Putting God to the Test in Prayer

by Zach Barnhart August 23, 2017

If we are faithless, he remains faithful— for he cannot deny himself. – 2 Timothy 2:13

What does your prayer life look like when trouble comes?

When hard circumstances come galloping over our horizon, everyone wants to have the prayer life of David. Dust off the harps, go to our prayer closet, recite The Valley of Vision, and weep.

But, alas, there’s too much Ahaz in us.

We often treat prayer the way kids treat their green vegetables – we know it’s good for us, we know it will help us be stronger and grow more, but we mostly pick at it. It takes some sort of crisis moment, some malnourishment or severe weight gain, to cause us to turn to it.

For Ahaz, the crisis was imminent. The scene in Isaiah 7 opens in suspense, as the kings of Ephraim and Syria form an alliance and seek to infiltrate Judah. They hoped to coerce them into joining their pact against Assyria. The weak heart of the nation of Judah is shaken, “as the trees of the forest shake before the wind” (7:2). The Lord commends Isaiah to go to Judah’s king, Ahaz, and share a message of comfort to him and his people – these threats will not prove fruitful by God’s sovereign hand, and Judah should wait on the Lord and what He has promised (7:4-9). Then God begins to speak directly to Ahaz:

“Again the LORD spoke to Ahaz, ‘Ask a sign of the LORD your God; let it be deep as Sheol or high as heaven.’ But Ahaz said, ‘I will not ask, and I will not put the LORD to the test.’ And he said, “Hear then, O house of David! Is it too little for you to weary men, that you weary my God also Therefore the Lord himself will give you a sign. Behold, the virgin shall conceive and bear a son, and shall call his name Immanuel.” (Isa. 7:10-14)

I will not ask, and I will not put the LORD to the test.

Perhaps Ahaz was just trying to stick to the words of Deuteronomy 6:16: “You shall not put the Lord your God to the test, as you tested him at Massah.” It’s possible, but not likely. Because I know my own prayer life when trouble pays a visit.

Prayerlessness in the Christian life, especially in seasons of being tried and tested, is a fascinatingly sad phenomenon. At the climax of a difficult situation, I usually make a point to pray, but in a challenging season, my prayers slowly become lesser and lesser. The harps gather dust. I begin to give up on God in a way. Oh, I know and recite all of the right answers. “Everything happens for a reason.” “God’s got a plan.” But judging by what my prayer life looks like, the theme of my heart seems to be, “I don’t believe; don’t help my unbelief.”

What happened to the confidence that allows me to draw near to the throne of grace, that I may find mercy and grace to help in a time of need? I can’t explain why we do this except for the fact that we are unbelievers by nature. God’s Word is often unbelievable when I consider what He has for me: An invitation to living water, with nothing in my hands to bring. God is magnificent.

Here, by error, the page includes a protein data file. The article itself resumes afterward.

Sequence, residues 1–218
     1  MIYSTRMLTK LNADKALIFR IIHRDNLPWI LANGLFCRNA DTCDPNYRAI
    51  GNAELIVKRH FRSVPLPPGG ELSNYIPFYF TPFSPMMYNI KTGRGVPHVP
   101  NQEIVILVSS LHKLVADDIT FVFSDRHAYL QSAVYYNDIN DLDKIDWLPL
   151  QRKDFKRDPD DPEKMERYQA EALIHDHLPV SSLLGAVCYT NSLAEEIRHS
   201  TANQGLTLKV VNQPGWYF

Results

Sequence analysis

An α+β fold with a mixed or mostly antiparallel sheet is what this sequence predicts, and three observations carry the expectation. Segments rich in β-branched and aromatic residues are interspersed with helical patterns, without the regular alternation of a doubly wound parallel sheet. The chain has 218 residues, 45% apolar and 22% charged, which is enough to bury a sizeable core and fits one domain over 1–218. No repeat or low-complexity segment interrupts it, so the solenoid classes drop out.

Do we pray as if we are praying indeed to a magnificent God? I don’t know if we often do, especially in our times of need. What if our prayers put God to the test? I don’t mean the kind of testing like that from Satan or the Pharisees that means to catch our Lord in error, or the kind of testing that expresses doubt like the Israelites at Massah. I mean the kind of testing that is quite the opposite – the kind that God Himself encourages, even expects, in His Word.

We have a Father who is ready to give us Himself. Moses prayed, “Please show me your glory” (Ex. 33.18). A bold prayer! And while our capacities cannot yet swallow the fulness of God’s majesty, He gives us glimpses of His goodness.

And what of Christ’s words in Matthew? “Ask, and it will be given to you; seek, and you will find; knock, and it will be opened to you” (Mt. 7:7). “Come to me, all who labor and are heavy laden, and I will give you rest” (Mt. 11:28). Surely there is something greater than circumstances and temporal blessings in these verses. Our Lord wants us to want Him, to need Him. Who is God if we don’t need Him, and of what use is prayer at that point?

God gave Ahaz the most glorious of invitations. “Allow me to prove myself worthy of your trust and praise. Let me help your unbelief.” And even though Ahaz rejected this invitation, God was still God. He still sent a sign (Isa. 7:14). When we are faithless, He is faithful. What unexplainable mercy it is when God chooses to act for our good despite our refusal to trust in Him. He doesn’t merely let us choose our own adventure; He has written the story already, and He gives us a spoiler as to its ending: “For those who love God all things work together for good, for those who are called according to his purpose” (Rom. 8:28).

This season of trial and suffering for you is the prime opportunity to be putting God to the test in prayer. This means our prayers should look less circumstantial, more theological. This means our prayers should be bold and daring enough to petition God to act. This means our prayers will acknowledge that His wisdom is all-surpassing, even if He does what we don’t ask or expect. The Lord knocks; he tells you to pray big, because He is big. “Let it be deep as Sheol or high as heaven.”

Make your requests known to God, because He is God and we are not.